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For the castle in the Reynard cycle, see Maleperduis.
For the film, see Malpertuis (film).
The novel is divided into four narratives:
- The modern-day narrator (who remains unnamed) explains in a prologue that he stole the manuscripts that comprise the rest of the novel from the Convent of the White Penitents. In the epilogue, he locates Malpertuis, sees Eisengott and Old Mother Groulle in a tavern, enters the house, has a brief encounter with Euryale then flees.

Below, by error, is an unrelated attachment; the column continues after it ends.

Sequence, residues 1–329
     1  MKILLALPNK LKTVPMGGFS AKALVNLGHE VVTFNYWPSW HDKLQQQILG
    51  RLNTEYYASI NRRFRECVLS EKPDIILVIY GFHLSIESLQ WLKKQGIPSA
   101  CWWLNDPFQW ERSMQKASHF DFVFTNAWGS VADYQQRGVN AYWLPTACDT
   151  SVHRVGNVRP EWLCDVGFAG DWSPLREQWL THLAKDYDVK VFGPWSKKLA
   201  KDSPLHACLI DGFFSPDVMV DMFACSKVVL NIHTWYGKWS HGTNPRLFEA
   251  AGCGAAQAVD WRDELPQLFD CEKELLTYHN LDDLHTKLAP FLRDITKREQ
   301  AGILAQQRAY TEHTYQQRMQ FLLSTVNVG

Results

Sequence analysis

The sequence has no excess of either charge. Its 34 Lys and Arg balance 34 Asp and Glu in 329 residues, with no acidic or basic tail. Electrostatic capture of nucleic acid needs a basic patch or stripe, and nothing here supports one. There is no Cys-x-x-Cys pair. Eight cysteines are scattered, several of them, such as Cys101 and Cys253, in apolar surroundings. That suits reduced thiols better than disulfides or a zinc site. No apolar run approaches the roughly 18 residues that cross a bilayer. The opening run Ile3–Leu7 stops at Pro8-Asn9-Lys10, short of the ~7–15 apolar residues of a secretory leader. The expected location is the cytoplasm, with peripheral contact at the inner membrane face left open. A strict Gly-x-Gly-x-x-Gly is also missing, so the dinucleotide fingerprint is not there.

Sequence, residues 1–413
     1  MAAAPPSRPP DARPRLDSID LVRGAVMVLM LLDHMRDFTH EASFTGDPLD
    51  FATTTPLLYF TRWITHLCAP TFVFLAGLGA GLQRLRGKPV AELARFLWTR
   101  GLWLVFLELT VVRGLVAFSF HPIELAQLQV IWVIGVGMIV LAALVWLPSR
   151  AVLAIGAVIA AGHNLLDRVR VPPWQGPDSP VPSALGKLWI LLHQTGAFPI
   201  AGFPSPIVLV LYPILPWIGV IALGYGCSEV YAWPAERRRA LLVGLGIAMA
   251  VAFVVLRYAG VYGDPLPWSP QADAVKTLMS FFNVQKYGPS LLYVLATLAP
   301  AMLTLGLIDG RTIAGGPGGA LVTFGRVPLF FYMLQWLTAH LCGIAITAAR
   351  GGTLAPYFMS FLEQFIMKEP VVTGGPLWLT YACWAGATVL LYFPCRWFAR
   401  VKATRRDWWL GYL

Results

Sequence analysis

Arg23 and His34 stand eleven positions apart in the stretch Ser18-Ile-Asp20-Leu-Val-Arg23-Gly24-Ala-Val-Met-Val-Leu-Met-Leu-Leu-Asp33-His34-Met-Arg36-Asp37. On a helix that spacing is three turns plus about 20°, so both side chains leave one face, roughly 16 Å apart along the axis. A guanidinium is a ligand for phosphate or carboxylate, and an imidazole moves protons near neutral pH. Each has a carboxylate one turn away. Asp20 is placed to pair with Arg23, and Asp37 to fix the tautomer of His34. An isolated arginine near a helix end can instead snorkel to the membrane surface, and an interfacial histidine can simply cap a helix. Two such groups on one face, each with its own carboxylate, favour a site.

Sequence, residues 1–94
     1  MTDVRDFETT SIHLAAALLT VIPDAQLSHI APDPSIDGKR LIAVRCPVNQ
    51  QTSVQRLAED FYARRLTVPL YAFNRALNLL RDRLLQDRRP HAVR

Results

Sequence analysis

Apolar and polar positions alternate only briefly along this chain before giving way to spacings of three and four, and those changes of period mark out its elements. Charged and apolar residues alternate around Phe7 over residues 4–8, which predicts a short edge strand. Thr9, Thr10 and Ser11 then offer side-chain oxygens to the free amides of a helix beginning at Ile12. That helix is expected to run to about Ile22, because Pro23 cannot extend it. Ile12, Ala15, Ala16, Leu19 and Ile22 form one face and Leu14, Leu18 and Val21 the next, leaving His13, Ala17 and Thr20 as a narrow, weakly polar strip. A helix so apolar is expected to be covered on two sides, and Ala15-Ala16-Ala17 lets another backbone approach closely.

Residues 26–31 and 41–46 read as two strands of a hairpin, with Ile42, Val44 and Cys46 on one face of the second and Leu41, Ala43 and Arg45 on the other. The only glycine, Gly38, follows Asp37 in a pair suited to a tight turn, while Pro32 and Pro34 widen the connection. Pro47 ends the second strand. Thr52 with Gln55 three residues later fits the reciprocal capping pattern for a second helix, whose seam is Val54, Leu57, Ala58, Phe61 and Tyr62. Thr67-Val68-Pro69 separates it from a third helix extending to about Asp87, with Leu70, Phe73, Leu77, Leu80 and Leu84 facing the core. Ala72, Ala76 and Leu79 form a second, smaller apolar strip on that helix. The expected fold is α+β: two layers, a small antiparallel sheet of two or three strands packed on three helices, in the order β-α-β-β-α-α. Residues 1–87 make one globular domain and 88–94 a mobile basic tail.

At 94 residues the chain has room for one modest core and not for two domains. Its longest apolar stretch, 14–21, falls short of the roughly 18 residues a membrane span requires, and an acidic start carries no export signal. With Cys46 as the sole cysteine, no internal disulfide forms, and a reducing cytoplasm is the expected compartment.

- Doucedame the Elder's story of the capture of the Olympians; it has presumably been assembled by Doucedame the Younger.
- The diary of Jean-Jacques Grandsire (also broken into two parts) that ends when he and Bets leave Malpertuis.
- Father Euchere (aka Dom Misseron) of the Convent of the White Penitents, and reveals the final fates of both Jean-Jacques Grandsire and Doucedame the Younger.
Main article: Malpertuis (film)
- Robert Hadji (1986) "Jean Ray" in The Penguin Encyclopedia of Horror and the Supernatural edited by Jack Sullivan: 350
- Malpertuis, A Pagan and Catholic and Gothic and Carnivalesque and Modernist and Surrealist Tragedy
- A study of the novel